THE Court of Criminal Appeal (CCA) has reduced a man's five-year sentence for membership of the IRA by six months.
Gerard McGarrigle (47), of Mount Carmel Heights, Strabane, Co Tyrone, had appealed severity of the sentence imposed on him in November 2010 following a 15-day trial at the Special Criminal Court (SCC) for membership of an illegal organisation styling itself the Irish Republican Army, otherwise Oglaigh na hEireann, in February 2010.
Two co-accused, Desmond Donnelly (59),Drumall, Lisnarick, Co Fermanagh and Jim Murphy (62), Floraville, Enniskillen, Co Fermanagh, were convicted of the same offence arising out of the same circumstances.
They were each sentenced to three years and nine months.
All three appealed against their convictions and last July the CCA dismissed their appeals.
McGarrigle also appealed against severity of sentence and today the three judge CCA - comprising Mr Justice Donal O'Donnell, Mr Justice George Birmingham and Mr Justice Gerard Hogan - ruled his sentence was "perhaps" excessive compared to his co-accused.
At their original trial, the court heard the three men were arrested at a garda checkpoint outside Letterkenny in the early hours of February 22, 2010.
Gardaí uncovered an imitation firearm, cable ties, latex gloves, bin liners, a pair of kevlar gloves and insulation tape after a search of the vehicle the men were travelling in.
The three, who denied at their trial that they were members of an illegal organisation, told gardaí that they had driven to Letterkenny in the hope of securing security work at a nightclub in the vicinity of Port Road.
In his appeal against severity of sentence, McGarrigle's counsel Diarmuid McGuinness argued a 33 per cent differential between the sentence for his client and those for the co-accused was not just.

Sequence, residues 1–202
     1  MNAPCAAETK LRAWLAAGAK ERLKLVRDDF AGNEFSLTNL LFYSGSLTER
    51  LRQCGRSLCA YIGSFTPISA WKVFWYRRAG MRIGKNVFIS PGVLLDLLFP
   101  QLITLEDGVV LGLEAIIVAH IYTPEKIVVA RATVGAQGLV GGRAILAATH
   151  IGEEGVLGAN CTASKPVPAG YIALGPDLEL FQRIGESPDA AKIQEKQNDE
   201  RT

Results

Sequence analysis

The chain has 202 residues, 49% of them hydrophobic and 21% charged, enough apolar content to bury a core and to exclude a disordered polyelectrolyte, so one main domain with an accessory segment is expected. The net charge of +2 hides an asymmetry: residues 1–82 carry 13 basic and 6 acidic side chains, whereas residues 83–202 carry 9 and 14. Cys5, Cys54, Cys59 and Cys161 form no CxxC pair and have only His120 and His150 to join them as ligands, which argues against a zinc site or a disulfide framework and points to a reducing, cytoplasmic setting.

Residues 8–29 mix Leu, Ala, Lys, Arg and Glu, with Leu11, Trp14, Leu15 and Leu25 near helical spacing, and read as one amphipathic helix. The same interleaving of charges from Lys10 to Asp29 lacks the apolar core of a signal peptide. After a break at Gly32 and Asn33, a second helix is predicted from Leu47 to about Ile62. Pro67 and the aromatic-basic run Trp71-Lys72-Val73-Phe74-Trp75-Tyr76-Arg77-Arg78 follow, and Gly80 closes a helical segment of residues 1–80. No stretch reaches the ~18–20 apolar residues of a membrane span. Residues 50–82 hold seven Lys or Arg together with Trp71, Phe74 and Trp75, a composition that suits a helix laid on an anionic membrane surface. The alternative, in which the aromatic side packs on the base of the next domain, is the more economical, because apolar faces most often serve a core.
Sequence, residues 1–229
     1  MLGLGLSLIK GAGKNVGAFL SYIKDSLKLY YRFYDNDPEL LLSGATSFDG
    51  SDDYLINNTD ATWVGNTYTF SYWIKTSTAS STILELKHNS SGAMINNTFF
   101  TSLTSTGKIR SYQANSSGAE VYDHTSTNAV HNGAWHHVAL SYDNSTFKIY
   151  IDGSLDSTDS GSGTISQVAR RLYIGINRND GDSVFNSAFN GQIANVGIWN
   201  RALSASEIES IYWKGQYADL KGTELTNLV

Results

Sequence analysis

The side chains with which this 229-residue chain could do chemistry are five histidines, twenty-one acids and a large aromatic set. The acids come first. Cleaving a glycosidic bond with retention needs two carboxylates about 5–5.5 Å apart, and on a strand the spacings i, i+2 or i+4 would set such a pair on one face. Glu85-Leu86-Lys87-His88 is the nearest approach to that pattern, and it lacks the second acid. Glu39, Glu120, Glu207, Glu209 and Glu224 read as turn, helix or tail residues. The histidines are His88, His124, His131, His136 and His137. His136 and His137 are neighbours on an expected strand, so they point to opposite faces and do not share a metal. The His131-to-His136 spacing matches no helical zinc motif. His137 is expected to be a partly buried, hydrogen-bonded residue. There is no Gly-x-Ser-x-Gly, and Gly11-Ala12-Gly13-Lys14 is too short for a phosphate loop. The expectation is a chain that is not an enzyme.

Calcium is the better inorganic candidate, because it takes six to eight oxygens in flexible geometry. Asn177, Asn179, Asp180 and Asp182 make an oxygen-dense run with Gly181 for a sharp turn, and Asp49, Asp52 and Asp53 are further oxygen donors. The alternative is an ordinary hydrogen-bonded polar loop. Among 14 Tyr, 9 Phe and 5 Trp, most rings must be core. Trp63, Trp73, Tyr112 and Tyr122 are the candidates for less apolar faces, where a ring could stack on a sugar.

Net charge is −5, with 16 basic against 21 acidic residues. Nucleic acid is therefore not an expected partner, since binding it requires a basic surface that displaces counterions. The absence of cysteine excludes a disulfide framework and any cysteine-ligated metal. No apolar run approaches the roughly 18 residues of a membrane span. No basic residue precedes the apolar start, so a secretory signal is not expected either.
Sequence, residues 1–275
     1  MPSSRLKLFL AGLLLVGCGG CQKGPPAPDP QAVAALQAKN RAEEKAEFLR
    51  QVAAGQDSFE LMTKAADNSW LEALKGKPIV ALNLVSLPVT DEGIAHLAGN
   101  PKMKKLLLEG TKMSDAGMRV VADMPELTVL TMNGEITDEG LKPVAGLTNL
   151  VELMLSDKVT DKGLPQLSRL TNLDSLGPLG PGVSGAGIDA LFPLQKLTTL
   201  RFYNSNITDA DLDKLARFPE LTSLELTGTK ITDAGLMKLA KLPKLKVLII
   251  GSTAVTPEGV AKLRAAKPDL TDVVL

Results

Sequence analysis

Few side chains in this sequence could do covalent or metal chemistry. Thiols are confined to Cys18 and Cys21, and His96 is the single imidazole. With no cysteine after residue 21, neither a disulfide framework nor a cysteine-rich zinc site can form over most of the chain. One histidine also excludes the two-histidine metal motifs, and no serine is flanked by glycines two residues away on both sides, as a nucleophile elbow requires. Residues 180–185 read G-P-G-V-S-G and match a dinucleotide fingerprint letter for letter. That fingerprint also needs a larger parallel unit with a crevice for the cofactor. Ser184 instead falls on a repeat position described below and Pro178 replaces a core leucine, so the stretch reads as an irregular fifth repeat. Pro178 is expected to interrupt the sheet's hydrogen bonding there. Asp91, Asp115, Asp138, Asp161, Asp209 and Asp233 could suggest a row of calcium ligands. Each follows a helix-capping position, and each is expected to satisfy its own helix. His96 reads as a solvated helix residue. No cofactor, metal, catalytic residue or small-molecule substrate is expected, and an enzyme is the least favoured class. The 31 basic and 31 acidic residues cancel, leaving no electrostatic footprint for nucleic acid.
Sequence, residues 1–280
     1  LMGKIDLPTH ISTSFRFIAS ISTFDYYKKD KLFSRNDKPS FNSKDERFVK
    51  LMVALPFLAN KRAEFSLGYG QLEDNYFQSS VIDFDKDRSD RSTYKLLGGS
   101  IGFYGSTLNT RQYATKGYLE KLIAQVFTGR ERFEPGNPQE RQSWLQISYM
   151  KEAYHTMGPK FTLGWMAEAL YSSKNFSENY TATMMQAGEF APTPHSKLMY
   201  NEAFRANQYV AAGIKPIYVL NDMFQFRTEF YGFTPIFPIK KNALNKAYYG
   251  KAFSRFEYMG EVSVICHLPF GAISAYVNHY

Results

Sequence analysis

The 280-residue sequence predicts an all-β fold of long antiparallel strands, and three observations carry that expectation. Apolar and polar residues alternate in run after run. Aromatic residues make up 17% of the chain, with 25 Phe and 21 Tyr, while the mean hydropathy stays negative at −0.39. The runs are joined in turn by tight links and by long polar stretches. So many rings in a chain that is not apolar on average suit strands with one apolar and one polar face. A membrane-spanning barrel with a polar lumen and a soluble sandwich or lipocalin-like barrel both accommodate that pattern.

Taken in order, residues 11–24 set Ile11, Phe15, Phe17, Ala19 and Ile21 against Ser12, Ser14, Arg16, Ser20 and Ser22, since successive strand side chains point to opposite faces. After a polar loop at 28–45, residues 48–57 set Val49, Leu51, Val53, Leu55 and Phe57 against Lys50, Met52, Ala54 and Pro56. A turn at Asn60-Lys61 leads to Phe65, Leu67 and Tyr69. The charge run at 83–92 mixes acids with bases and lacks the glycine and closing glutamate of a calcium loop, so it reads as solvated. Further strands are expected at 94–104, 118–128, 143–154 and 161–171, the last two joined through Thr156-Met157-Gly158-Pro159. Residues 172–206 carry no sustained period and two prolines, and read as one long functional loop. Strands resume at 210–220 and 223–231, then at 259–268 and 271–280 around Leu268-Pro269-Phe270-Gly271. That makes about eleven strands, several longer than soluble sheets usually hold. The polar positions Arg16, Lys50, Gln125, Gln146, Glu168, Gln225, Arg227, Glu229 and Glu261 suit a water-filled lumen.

Although McGarrigle had previously been convicted of a terrorist-related offence of attempted murder of a member of the security forces in Northern Ireland, he had served his sentence by the time he was arrested in Letterkenny and had not come to the attention of the gardai or the PSNI, counsel said.
Una NiRaifeartaigh SC, for the DPP, said the differentiation between the sentences was quite appropriate given the seriousness of McGarrigle's previous conviction. The SCC had not taken into account that he also had two other terrorist-related convictions when he was a juvenile, she said.
The SCC took account of the fact that the two co-accused were older than McGarrigle and had a litany of health problems and that would be a factor in any prison term they would serve, she said. Donnelly was also the sole carer for his older sister, she said.
Giving the court's decision, Mr Justice O'Donnell said the SCC was entitled to give a longer sentence to McGarrigle.
Under law, the maximum was eight years for what is an extremely serious offence of membership of an organisation which had "brought untold misery to the people of Ireland, north and south", he said.
Not only did McGarrigle have three previous terrorist-related convictions, he had 37 convictions for other offences, he said.
Donnelly had 60 previous "ordinary convictions" while Murphy had no previous, he said.
McGarrigle's record was worse than the other two and the SCC was entitled to give a heavier sentence, the judge said.
However, the fundamental feature of the case was that all three were convicted of the same offence and without taking from the seriousness of McGarrigle's previous convictions, the court had come to the conclusion that the one-third differentiation between his sentence and that of his co-accused was "perhaps excessive and the court is disposed to reducing the sentence by six months."